(CNN)Exactly 57 years after the 1963 civil rights march on Washington, thousands descended on the National Mall to again call for ending police violence, dismantling systemic racism and ensuring access to the ballot box.
“We’re marching to overcome what my father called the triple evils of poverty, racism and violence,” Martin Luther King III said at the event. He was 5 when his father delivered his famous “I Have a Dream” speech at the first March on Washington. This time around, participants were told to mask up and social-distance — an effort to stem the pandemic that continues to disproportionately affect Black and brown communities and has so far killed at least 181,000 Americans.It’s an exclamation mark ending an unprecedented week in an unprecedented summer in an unprecedented year.Also in that unprecedented category: this week’s Republican National Convention. Reworked and relocated because of the pandemic, organizers utilized something norm-breaking: the White House.Read More
THE POINT — NOW ON YOUTUBE!
In each episode of his weekly YouTube show, Chris Cillizza will delve a little deeper into the surreal world of politics. Click to subscribe!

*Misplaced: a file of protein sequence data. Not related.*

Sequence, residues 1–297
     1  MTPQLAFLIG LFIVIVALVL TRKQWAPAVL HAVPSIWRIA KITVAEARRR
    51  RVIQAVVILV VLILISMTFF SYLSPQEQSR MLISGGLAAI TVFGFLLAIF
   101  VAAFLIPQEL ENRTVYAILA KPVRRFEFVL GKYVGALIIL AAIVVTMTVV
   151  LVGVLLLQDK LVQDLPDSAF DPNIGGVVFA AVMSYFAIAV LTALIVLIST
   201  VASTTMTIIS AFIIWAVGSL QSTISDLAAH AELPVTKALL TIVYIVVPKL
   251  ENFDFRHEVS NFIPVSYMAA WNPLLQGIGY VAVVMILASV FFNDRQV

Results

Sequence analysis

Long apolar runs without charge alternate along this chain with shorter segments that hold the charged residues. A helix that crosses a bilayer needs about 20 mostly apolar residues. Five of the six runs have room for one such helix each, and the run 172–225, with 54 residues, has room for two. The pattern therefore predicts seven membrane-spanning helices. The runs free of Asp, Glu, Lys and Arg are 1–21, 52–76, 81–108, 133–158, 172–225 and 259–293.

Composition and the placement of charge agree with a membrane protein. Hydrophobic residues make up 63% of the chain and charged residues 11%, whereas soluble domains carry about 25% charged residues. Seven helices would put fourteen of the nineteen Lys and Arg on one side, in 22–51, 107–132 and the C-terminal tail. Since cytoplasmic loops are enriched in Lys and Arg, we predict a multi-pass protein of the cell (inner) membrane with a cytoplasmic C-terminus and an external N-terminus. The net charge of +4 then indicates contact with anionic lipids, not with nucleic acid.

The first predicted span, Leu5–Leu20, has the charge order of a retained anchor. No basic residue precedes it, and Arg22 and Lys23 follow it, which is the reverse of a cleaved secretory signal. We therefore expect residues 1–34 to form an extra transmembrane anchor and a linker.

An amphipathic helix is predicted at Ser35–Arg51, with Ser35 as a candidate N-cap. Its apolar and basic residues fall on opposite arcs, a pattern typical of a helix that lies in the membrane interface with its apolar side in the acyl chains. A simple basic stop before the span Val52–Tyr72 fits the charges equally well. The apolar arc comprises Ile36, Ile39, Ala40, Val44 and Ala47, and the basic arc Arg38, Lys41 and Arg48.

On Thursday night, President Donald Trump accepted his party’s renomination for president and painted the picture of an America led by his Democratic opponent, Joe Biden — invoking imagery from what’s happening during his own administration.”Everything we’ve achieved is now in danger,” Trump said from the White House’s South Lawn to a crowd not socially distanced and largely mask-less. “This election will decide whether we will defend the American way of life or allow a radical movement to completely dismantle and destroy it.”Using the seat of federal power violates the Hatch Act, a law that limits the political activities of federal employees while on duty or in the workplace and prohibits them from engaging in political activities, like campaigning, in a government building, like the White House. But the President and vice president are exempt from the Hatch Act, and the President is the one who would enforce it — and has shown, so far, little interest in doing so.Yet Washington was hardly the center of the world this week. A deadly Category 4 hurricane pummeled Louisiana and eastern Texas, wreaking havoc and claiming at least 10 lives. Jacob Blake, a Black man, was shot by a White police officer in Kenosha, Wisconsin, touching off more protests around police brutality. Sports teams including WNBA and NBA players went on strike to demand action and accountability. The Point: This was a massive week as America grappled with its ongoing racial reckoning, looming presidential election and deadly pandemic.